This weekend people on earth would be able to witness a spectacular celestial event. Reportedly the Red Planet of our solar system, Mars and the largest one of the solar family, Jupiter will pass by each other on Sunday, January 7. The event can be observed by the enthusiasts in the dawn sky.
In this conjunction of Mars and Jupiter, which would be seen in the southeast sky, Mars will appear around 0.25 degrees south of Jupiter, reports earthsky.org. This magnificent cosmic encounter between these two neighbor planets would be the first one to happen since October 2017 and the next such unusual meeting between Mars and Jupiter won't take place until March 2020. Undoubtedly this should make it to the to-do-list of the stargazers.
Interested viewers would be able to differentiate the planets looking at their brightness – Mars will be dimmer and reddish, while Jupiter will be more vibrant and way brighter than Mars. To find the conjunction in the sky one should look for Jupiter, since it would appear like the brightest star-like item in the sky on January 7 during the dawn time. If one cannot find them with bare eyes, he or she can use a binocular to look for Jupiter, since it would be more likely to come into the view first. Once the viewer finds out the Jupiter, Mars would be found in no time, as both the planets will be located within the same binocular field.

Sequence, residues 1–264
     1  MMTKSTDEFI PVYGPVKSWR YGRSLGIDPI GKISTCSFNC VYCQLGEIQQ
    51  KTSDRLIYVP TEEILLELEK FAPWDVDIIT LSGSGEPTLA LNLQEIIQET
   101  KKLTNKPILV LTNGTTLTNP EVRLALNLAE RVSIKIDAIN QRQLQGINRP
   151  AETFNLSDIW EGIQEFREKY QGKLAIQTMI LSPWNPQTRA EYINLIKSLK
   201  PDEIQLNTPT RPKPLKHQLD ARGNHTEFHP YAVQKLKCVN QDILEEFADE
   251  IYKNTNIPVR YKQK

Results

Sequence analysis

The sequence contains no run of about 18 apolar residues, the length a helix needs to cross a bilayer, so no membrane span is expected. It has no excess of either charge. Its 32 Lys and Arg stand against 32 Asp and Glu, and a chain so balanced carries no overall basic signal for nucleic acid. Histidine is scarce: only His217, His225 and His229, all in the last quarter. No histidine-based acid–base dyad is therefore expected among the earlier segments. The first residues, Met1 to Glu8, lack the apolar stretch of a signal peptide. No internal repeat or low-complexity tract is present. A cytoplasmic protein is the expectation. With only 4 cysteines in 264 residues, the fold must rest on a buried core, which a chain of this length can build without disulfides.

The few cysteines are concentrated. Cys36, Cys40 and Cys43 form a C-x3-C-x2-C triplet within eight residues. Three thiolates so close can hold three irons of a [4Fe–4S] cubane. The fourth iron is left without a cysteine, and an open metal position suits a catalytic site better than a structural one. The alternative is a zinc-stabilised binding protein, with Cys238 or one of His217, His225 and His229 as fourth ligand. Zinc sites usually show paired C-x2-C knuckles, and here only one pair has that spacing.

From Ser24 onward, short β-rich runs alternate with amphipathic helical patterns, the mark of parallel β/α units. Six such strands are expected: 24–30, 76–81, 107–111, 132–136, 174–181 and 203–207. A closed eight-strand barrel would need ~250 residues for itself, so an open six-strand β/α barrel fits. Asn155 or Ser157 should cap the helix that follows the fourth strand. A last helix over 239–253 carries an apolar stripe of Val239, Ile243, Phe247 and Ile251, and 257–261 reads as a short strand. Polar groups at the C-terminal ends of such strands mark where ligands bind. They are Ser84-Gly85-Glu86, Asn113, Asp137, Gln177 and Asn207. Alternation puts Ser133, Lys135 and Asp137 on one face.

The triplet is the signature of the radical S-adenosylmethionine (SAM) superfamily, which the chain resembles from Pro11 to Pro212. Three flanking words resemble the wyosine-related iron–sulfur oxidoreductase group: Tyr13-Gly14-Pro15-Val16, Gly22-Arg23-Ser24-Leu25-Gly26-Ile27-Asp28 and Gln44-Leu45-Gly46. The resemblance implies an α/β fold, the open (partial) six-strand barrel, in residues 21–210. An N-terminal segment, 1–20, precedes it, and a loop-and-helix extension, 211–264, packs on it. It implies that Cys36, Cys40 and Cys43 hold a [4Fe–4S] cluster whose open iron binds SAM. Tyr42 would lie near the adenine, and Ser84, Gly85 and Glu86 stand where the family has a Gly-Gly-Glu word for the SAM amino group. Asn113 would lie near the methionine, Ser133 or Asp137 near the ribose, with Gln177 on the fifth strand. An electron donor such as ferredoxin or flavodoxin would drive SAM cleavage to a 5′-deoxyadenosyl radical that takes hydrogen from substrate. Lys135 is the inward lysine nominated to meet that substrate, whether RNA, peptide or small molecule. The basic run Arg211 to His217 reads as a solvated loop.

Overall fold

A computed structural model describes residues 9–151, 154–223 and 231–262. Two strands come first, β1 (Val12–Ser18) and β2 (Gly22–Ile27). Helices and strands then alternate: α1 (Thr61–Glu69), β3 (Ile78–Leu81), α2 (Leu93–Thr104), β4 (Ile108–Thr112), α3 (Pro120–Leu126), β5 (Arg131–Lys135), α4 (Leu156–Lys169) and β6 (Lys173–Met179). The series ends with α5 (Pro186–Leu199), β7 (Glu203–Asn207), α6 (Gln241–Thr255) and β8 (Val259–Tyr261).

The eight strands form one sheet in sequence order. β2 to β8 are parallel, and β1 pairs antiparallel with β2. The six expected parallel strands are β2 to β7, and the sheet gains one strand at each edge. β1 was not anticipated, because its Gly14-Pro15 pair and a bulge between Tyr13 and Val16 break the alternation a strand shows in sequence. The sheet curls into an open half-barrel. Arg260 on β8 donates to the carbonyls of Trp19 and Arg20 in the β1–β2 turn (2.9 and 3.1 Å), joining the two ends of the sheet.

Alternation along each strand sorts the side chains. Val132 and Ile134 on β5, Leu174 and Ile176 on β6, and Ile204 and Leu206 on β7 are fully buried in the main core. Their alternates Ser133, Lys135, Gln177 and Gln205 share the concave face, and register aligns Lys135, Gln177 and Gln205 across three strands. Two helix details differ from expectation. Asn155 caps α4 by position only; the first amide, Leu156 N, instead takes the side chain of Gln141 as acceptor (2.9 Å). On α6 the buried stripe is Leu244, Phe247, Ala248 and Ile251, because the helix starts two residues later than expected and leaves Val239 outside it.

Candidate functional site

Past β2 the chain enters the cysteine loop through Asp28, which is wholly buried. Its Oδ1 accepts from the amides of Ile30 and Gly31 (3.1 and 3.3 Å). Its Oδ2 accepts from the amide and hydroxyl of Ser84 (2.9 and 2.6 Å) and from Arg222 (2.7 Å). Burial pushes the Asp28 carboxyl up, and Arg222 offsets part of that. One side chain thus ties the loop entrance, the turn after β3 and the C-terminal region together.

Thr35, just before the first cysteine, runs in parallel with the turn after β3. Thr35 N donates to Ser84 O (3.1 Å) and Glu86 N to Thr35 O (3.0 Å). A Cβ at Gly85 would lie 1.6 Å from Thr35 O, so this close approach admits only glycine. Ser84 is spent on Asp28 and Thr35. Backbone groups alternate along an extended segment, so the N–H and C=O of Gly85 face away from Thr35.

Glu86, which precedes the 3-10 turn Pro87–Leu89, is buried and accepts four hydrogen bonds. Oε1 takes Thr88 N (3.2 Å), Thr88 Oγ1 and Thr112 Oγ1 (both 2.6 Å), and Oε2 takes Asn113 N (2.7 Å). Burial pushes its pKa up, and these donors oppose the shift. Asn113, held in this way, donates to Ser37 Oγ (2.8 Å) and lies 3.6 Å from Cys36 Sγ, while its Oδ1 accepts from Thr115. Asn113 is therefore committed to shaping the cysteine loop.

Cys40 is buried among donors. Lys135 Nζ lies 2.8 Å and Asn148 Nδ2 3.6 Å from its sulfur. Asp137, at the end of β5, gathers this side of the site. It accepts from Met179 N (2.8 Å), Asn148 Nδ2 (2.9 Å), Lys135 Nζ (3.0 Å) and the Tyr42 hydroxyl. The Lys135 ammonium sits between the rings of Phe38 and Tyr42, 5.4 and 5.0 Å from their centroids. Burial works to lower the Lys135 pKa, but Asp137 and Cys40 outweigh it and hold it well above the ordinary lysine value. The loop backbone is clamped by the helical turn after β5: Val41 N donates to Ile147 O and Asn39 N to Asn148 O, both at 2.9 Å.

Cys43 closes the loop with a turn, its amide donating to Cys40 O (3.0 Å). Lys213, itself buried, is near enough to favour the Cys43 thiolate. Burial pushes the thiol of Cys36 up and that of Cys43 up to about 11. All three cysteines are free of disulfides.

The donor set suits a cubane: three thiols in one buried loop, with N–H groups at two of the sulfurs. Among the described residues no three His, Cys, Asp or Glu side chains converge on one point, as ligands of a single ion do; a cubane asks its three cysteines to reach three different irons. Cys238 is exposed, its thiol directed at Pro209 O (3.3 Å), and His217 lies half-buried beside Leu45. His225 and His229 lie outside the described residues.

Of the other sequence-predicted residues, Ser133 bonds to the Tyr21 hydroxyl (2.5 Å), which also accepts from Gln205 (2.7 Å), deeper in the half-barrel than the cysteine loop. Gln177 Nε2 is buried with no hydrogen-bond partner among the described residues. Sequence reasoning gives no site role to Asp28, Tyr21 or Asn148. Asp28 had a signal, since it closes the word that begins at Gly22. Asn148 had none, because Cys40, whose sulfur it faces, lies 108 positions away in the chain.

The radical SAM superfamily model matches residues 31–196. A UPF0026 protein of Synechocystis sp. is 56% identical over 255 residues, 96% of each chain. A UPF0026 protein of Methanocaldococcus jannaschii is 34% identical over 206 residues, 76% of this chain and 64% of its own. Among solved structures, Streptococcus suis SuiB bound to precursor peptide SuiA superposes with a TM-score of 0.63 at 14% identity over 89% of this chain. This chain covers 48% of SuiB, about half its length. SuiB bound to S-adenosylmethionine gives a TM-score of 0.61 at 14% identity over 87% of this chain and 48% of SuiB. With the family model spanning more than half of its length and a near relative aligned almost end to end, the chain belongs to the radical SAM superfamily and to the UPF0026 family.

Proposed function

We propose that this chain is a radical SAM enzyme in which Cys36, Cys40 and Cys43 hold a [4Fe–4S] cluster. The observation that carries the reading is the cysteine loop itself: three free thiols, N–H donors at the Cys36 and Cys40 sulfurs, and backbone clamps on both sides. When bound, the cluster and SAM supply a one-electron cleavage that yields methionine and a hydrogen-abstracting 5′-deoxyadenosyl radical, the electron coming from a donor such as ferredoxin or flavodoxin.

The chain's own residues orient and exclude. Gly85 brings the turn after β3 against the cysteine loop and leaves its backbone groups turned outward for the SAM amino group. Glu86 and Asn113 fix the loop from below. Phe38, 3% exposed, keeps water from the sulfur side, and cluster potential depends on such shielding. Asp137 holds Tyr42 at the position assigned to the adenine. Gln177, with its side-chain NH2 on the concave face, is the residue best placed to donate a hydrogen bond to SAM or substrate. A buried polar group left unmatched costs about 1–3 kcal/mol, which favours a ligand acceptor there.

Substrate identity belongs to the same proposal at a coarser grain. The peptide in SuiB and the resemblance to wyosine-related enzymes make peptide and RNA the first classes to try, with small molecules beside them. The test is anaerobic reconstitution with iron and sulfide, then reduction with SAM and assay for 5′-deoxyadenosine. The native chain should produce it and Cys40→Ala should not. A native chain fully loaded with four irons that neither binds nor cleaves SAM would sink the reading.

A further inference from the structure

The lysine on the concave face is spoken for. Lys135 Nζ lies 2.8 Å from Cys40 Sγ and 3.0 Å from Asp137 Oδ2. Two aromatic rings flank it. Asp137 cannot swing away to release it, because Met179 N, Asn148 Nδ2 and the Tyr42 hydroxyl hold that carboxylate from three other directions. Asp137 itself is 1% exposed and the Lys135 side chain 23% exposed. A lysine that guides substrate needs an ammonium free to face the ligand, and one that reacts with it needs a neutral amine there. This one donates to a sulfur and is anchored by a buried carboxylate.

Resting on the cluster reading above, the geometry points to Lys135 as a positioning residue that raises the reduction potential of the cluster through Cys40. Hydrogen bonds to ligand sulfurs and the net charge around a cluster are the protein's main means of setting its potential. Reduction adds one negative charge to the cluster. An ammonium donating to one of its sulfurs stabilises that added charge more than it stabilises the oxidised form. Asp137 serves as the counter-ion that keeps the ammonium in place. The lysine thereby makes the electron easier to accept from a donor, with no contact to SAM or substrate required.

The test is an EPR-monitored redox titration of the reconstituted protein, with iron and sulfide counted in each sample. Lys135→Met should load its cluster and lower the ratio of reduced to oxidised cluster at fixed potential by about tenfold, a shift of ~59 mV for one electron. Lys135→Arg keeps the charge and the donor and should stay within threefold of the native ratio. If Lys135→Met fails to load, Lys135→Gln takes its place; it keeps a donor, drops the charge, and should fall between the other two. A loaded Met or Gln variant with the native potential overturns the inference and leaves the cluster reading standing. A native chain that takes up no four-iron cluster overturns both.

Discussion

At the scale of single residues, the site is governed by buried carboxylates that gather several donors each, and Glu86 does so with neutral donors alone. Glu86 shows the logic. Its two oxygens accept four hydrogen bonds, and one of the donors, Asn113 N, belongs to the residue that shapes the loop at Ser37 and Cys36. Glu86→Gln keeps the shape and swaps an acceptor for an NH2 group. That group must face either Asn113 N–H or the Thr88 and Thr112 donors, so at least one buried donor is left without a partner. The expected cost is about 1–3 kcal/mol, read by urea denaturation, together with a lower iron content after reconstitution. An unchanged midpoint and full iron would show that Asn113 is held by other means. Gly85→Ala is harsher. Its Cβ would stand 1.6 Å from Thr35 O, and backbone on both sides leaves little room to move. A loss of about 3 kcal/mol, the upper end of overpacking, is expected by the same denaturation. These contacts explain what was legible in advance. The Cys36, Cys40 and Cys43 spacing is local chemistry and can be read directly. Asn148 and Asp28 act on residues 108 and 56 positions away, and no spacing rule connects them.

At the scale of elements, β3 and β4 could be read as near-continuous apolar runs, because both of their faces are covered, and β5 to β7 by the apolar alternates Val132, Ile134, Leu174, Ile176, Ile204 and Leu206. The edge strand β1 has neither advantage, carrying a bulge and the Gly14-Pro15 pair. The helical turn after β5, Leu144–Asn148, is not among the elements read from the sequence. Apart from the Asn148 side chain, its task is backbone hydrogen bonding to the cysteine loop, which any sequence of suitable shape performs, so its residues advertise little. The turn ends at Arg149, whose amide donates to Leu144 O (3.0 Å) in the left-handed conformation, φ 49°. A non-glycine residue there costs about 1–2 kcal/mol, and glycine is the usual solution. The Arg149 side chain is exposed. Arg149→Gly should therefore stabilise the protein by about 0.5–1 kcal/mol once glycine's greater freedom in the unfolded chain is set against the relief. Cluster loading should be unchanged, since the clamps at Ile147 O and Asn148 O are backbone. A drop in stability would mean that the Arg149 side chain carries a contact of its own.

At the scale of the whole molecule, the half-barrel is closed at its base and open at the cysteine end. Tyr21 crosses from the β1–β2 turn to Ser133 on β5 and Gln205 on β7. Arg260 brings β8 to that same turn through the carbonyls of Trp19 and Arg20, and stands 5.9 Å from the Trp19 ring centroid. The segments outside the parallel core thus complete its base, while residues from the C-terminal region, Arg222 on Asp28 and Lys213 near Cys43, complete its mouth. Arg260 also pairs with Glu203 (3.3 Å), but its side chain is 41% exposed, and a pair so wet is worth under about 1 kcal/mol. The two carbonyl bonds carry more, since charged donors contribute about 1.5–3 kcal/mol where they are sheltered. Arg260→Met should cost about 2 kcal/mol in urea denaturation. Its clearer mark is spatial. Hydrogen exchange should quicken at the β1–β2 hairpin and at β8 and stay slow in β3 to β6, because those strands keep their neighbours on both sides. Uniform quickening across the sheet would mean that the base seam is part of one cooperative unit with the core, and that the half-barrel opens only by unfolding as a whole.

While the space-enthusiasts should be able to see the conjunction with naked eyes, using a telescope would certainly enhance the experience manifold.
A conjunction of two planets takes place when they planets share the similar east-west longitude, as observed from the earth, in the sky. All the planets in our solar system orbit the sun almost on the same plane, however; from earth, their travel paths rarely appear to be similar in the sky. But when conjunction takes place the planets seem closer in the sky from earth.